business really is something to be avoided. You’re turning a number into a string and then back into a number for no apparent reason. This is also the reason you’re unable to print the result in the REPL without doing something extra to it.

What problems do you encounter with

```
ghci> hours = mod (div ps 3600) 24
hours :: Integral a => a
ghci> hours
20
it :: Integral a => a
```

(or, as it is more commonly written, `hours = ps `div` 3600 `mod` 24`

)?

Indeed that’s what it is, possibly corrected for atmospheric aberration? Civil twilight is what our local regulatory authorities deem the activity period of predatory birds, which are to be protected.

Then it is good custom to have the haddock documentation link to the external documentation.

Another suggestion for improvement: Consider `newtype`

aliases for latitude and longitude, possibly indicating the implicit reference system, as in

```
newtype Latitude = LatWGS84 {getLatitude :: Double}
deriving (necessary type classes here)
```

That way, your code can not accidentally mix up latitude and longitude or other `Double`

quantities. As a side-effect, the type signatures of functions like `solarElevationAngle`

become much more readable. For things like elevation angles, with a newtype you could also build in modulo operations, so that adding angles automatically wraps around a full circle.

`SolarCurrent.dateString`

: That is what `Data.Time.Format.formatTime`

is for.

There are a few numeric type classes that allow conversions in Haskell:

```
-- embeds the integer in any 'Num' type.
-- used by the compiler for integer literals in source code
fromInteger :: Num a => Integer -> a
-- careful: overflows without warning!
-- >>> fromIntegral (1000 :: Int) :: Word8
-- 232
fromIntegral :: (Integral a, Num b) => a -> b
toRational :: Real a => a -> Rational
-- embeds fractions in any 'Fractional' type.
-- used by the compiler for literals like 3.141
fromRational :: Fractional a => Rational -> a
properFraction :: (RealFrac a, Integral b) => a -> (b, a)
```

All *time difference* types in the `time`

library are members of `RealFrac`

, `Real`

, `Fractional`

and `Num`

so all the above functions can be used on them.

No problems within ghci.

The following happend as I replaced the lines using

read $ show $ with the new ones without conversions:

```
main = do
currentTime <- getCurrentTime
let (year, month, day) = toGregorian . utctDay $ currentTime
ps = round $ utcTimeToPOSIXSeconds currentTime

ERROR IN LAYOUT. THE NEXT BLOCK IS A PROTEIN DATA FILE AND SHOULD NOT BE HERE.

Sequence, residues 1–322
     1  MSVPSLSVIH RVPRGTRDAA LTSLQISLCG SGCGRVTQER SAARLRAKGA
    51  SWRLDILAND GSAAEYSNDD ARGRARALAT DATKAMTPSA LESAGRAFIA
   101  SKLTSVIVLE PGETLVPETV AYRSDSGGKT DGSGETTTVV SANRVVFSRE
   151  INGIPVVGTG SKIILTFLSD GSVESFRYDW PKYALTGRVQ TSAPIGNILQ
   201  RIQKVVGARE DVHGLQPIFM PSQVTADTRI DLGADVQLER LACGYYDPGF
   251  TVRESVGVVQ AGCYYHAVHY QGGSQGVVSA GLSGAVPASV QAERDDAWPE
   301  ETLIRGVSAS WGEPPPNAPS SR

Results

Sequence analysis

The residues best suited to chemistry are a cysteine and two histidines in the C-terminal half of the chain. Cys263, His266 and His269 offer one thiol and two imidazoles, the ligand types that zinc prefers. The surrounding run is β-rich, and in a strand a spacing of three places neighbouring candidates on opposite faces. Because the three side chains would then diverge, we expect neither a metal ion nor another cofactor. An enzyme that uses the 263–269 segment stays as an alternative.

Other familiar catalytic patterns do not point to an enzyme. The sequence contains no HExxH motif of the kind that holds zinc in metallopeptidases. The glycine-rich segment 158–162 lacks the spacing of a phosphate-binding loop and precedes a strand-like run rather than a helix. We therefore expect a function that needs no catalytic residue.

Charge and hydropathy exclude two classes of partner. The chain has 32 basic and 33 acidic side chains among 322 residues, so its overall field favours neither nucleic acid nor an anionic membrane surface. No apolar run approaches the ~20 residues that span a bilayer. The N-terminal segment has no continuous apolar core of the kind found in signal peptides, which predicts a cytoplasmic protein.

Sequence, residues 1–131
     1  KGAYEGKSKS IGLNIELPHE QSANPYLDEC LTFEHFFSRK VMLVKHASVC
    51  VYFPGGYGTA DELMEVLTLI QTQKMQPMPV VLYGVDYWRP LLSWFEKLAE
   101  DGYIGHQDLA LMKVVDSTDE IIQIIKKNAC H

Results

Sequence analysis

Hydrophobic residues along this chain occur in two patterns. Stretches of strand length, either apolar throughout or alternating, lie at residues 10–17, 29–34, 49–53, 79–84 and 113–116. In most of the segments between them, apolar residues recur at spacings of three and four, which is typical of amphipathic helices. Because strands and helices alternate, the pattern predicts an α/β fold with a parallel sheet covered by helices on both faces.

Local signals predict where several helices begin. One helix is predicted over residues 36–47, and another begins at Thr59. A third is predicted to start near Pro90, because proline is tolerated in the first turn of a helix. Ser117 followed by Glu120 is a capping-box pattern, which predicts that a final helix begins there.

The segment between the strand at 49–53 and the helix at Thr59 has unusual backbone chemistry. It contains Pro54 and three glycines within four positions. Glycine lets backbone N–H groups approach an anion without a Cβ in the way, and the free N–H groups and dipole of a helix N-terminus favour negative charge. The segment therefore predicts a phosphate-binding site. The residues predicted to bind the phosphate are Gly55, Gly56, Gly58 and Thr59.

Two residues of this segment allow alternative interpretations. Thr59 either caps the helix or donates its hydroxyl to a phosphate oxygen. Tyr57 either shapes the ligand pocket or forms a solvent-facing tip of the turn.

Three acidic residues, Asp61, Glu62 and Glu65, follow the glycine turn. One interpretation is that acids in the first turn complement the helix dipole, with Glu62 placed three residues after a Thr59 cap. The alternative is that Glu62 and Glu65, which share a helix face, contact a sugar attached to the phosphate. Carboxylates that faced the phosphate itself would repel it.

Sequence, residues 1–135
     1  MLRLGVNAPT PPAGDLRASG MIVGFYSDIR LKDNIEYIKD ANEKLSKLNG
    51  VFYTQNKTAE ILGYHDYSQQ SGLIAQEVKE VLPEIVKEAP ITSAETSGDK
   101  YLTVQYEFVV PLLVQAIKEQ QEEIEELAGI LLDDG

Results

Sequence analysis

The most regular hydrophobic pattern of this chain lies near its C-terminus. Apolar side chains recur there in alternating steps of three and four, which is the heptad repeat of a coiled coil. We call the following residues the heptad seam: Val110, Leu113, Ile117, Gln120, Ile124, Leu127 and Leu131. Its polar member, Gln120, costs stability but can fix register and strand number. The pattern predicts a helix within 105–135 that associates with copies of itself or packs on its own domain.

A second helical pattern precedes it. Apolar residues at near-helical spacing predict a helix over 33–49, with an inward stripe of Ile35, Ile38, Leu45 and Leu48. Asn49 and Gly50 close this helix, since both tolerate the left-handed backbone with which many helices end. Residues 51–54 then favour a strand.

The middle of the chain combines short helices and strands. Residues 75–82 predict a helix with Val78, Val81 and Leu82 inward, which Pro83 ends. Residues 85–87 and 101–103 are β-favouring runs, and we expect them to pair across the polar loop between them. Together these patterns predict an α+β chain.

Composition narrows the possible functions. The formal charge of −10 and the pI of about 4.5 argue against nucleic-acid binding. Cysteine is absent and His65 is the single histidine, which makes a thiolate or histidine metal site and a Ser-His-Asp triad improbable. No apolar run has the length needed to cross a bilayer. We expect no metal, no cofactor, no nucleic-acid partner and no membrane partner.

-- hours = read $ show $ mod (div ps 3600) 24
-- minutes = read $ show $ mod (div ps 60) 60
-- seconds = read $ show $ mod ps 60
hours = mod (div ps 3600) 24
minutes = mod (div ps 60) 60
seconds = mod ps 60
jC = julianCentury currentTime
sunDecl = sunDeclin jC
% ghci SolarCurrent.hs
GHCi, version 9.4.8: https://www.haskell.org/ghc/ :? for help
[1 of 1] Compiling SolarCurrent ( SolarCurrent.hs, interpreted )
Ok, one module loaded.
ghci> main
<interactive>:2:1: error:
Variable not in scope: main
Suggested fix: Perhaps use ‘min’ (imported from Prelude)
ghci>
• No instance for (Integral Double) arising from a use of ‘round’
• In the first argument of ‘($)’, namely ‘round’
In the expression: round $ utcTimeToPOSIXSeconds currentTime
In an equation for ‘ps’:
ps = round $ utcTimeToPOSIXSeconds currentTimetypecheck(-Wdeferred-type-errors)
```

That was originally the reason why I use conversion Double → Integer with show and read. However, I believe there is a way how to avoid conversions completely.

First the most simple solution: leaving out the local time

In that case I could remove the variables hours, minutes, seconds

and get the minutes simply as Double through currentTime / 60.0 to be used next by several NOAA astronomical functions.

Maybe there is a function in Data.Time getting the local time with the given timezone from the current UTC time.

Also, the error looks like it’s because `ps`

is a Double, but round expects to return an Int or other integral type. You can do `ps = fromInteger $ round $ ...`

to tell the compiler to round to Integer, then convert to Double

I have just uploaded the latest improved version which has no read $ show $ sequences anymore.

The old version **mod** instructions are replaced with a function found from stackoverflow.com

It can be used for remainders of non-integer division.

```
nonIntRem :: RealFrac a => a -> a -> a
nonIntRem x y = x - (y * fromIntegral (truncate (x/y)))
```

Nice! FYI ansi-terminal if you dont want to manage color codes manually

I would rather use CSS so as I do in Elm.

I have not studied yet, how to do that in Haskell.

Well, it’s nostalgic, long time ago I used ANSI-codes previously writing RSTS-11 Basic code for DEC PDP and VAX terminals in job.